Firstly, the answer to the question is likely to be ‘yes’. The debate on ransomware payments continues, which, of course, is positive; with discussion and differing viewpoints put forward, an informed conclusion should be the outcome.
Let’s now dive into the issue of who actually pays the ransom. Imagine, just for a moment, that you head to the store to purchase something for $100. Depending on where you are in the world, sales tax may need to be added at the checkout and your receipt of purchase will show $100 for the goods and maybe $10 for sales tax, totaling $110. The company selling the product needs to make a profit and cover their costs, which may include staff, premises, insurance, transport, and the many other costs associated with running a business.
If the company has been the victim of a ransomware attack and decided to pay the cybercriminals to regain access to systems or avoid data being published or sold on the dark web, this becomes a cost of doing business and needs to be recouped when selling their products or services to customers. What would you think if the receipt needed to disclose the company is funding cybercrime – product $100, sales tax $10, donation to cybercriminals $2.50? I suspect, and hope, you would question the charge and object. I know I would.
Companies would probably respond with, “it’s okay, our cyber-risk insurance paid the majority of the ransom”. This may well be the case, but the company needed to pay the insurance company that works on a probability of risk when charging a premium. If they insure 10 companies and 1 in 10 becomes the victim of ransomware, then a receipt from the 10 companies should maybe show the transaction of $100, $10 in sales tax, plus a $0.25 donation to cybercriminals, paid via the company’s insurers. The money to pay the ransom is ultimately coming from you, the consumer.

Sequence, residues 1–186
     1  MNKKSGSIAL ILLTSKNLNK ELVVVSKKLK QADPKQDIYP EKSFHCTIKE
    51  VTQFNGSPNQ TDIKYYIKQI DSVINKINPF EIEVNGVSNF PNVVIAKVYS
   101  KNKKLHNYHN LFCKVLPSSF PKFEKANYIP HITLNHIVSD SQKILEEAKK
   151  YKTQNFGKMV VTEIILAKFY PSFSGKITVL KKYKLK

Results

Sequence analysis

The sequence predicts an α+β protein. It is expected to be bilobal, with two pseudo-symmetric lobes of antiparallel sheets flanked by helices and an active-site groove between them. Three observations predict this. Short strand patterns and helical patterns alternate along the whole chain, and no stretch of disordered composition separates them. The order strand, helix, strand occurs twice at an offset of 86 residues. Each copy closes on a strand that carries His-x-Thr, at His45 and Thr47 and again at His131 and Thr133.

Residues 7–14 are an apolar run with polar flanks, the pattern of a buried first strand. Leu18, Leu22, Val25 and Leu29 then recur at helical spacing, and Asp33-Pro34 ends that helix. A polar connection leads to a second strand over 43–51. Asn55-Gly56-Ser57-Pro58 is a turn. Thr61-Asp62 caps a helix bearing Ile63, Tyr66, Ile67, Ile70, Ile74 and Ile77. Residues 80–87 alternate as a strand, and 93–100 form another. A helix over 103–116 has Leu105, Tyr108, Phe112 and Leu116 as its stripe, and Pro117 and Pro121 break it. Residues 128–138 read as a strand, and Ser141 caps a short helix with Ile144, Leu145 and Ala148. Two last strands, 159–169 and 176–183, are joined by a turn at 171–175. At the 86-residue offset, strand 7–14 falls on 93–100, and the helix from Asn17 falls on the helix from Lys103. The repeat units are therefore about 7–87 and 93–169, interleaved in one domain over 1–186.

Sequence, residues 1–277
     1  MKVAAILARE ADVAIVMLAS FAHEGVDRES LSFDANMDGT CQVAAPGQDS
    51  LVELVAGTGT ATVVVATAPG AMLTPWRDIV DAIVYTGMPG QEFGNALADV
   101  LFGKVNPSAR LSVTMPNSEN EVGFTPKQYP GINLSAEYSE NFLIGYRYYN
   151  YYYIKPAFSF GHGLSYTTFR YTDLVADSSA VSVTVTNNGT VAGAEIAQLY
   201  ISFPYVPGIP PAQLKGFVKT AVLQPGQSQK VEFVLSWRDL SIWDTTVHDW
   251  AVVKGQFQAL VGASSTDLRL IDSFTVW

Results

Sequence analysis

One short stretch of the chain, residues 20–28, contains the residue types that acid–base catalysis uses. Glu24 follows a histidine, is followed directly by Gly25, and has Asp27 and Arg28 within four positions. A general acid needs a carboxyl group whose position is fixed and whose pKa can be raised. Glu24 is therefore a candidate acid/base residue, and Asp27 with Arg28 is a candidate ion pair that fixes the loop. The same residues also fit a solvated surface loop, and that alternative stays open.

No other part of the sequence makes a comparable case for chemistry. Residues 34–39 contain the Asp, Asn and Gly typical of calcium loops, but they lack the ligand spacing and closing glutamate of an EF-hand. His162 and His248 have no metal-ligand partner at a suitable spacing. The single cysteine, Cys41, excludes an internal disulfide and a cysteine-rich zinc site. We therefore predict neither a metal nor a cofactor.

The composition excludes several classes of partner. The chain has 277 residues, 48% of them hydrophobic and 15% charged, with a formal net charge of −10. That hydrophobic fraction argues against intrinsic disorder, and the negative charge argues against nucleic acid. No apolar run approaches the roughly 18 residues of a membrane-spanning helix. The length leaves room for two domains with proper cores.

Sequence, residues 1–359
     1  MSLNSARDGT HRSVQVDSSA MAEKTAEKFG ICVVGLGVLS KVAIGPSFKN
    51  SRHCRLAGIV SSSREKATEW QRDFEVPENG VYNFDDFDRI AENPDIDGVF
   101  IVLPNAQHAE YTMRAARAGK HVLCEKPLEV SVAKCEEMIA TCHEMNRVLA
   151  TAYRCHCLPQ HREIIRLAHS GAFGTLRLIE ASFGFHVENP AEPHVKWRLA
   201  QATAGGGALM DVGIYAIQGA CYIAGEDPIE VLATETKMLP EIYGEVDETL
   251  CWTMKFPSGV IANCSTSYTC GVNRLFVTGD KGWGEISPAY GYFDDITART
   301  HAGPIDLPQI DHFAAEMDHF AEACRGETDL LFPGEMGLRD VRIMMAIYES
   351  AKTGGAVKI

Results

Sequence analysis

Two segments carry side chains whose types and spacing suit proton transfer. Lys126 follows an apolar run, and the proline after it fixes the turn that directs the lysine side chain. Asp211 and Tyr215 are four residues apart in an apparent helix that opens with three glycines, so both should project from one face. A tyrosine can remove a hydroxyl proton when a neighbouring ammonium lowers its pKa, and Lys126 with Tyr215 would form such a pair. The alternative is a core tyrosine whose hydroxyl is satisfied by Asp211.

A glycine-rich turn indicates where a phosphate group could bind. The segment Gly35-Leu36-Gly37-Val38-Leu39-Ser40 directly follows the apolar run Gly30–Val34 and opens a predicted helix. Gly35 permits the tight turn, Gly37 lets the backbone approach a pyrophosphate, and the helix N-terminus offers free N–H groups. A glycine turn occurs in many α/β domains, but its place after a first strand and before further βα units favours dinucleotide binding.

According to an article in The Hill, Bryan Vorndran, the assistant director of the FBI’s cyber division, said when answering a question posed by Senator Mazie Hirono that “it’s our opinion that banning ransomware payments is not the road to go down”. The basis of this being that not banning payment may lead to additional extortion in the form of companies not disclosing incidents to authorities. The conclusion of the discussion at the Senate Judiciary Committee seems to suggest greater reporting requirements, as opposed to banning payment.
This could be viewed as at odds with current requirements that prohibit the payment of funds to cybercriminals who appear on the OFAC sanctions list. As some ransomware groups or the individuals behind them are on the sanctions list, then does it suggest that companies paying the ransom to these groups or individuals would be open to double extortion of then trying to cover up the payment?
There are many questions, but one this is for certain: the debate on whether to pay ransomware demands or not is by no means nearing a conclusion. And we, the consumers, are likely to see increased product and services costs in order for companies to continue to pay the extortionists behind ransomware, either directly or via insurance.
I leave you with the words of Margaret Thatcher, 14 October, 1988: “Give in to the terrorist and you breed more terrorism”.